DSC_6169My three old kitties, that we had hand raised almost thirteen years ago, came home after being at the shop for over two years.  Let’s just say they don’t love Merlin.  Gandalf is loud and furry and naughty too.  I didn’t get chicks this year.  I think eight cats, a giant polar bear, and seven chickens will do me just fine for now.  But I tell you what, this zoo makes me laugh. Every. Single. Day.  It’s a motley crew over here on Pumpkin Hollow Farm!

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The Farm Sanctuary

20171019_132845I can’t find anything written about it but word from the farmgirls in town is that we can now have two goats or sheep and up to twelve chickens.  Being such a farming community I was surprised that the town was so behind Colorado Springs and Denver when it came to legalizing farm animals in town.

Now this new news may not mean anything to our immediate future.  First and foremost we must pay off our debt.  I have a pretty lofty goal of paying off everything but the house this year.  Fifty grand is not easy to come by but I am determined to scrape and save and send farewell payments to our student loans.  Debt is most certainly a jailor and it is keeping us from our dreams.

And that dream might just be a farm sanctuary.  Years ago, huddled in the cold basement of a friend’s house who was letting us live there until we could get back on our feet, we drew out an elaborate plan one cool autumn night.  A farm.  The only thing we have ever wanted.  Rented farms were fun and disastrous.  Not having money made it difficult as well.  We imagined and created a farm that was a non-profit.  Something folks could get behind.  Our family-run farm would be complete with large vegetable, herb, and perennial gardens.  There would be a building to teach classes like homesteading arts, gardening, art, writing, cooking, herbalism, and preserving.  A place to serve meals and a place to house interns.   A general store would sell preserves and tinctures and produce.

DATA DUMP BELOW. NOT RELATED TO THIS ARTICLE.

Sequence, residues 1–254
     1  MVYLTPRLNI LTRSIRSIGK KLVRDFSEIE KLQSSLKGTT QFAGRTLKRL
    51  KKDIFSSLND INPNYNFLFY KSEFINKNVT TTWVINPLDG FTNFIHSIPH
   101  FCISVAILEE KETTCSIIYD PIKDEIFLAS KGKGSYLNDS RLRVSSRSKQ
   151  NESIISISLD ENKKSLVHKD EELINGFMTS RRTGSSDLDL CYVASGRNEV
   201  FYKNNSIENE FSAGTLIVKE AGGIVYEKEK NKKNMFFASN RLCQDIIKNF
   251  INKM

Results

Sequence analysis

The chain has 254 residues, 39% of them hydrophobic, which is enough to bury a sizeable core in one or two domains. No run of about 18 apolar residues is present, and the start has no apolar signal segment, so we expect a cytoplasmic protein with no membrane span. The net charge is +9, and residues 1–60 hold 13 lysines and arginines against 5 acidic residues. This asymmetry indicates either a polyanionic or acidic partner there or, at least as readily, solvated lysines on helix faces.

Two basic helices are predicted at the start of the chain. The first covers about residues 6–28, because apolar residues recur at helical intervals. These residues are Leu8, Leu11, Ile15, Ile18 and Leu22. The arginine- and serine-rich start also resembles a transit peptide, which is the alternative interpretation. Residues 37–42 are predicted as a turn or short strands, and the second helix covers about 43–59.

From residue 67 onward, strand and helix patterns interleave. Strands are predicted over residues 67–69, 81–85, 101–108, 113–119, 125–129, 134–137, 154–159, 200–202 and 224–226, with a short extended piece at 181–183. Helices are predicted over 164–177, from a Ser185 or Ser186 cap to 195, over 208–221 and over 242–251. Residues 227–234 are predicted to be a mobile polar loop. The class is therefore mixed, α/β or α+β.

The animals we accumulated on our past farms were never to eat.  At the end we had twenty-four chickens, two sheep for wool and entertainment, two goats for milking, and four ducks for eggs and laughs.  This time around we wouldn’t have the milking goats.  Cashew milk tastes pretty good.  But there are plenty of little boy goats that may need rescuing.  A wethered (neutered) goat is just like a puppy.  I eat the eggs of my beautiful chickens because, honest to god, they don’t care.  Eggs from the store-even organic, free range- come from horrid, cruel environments.  But my hens are named, snuggled, and live out their whole life with me.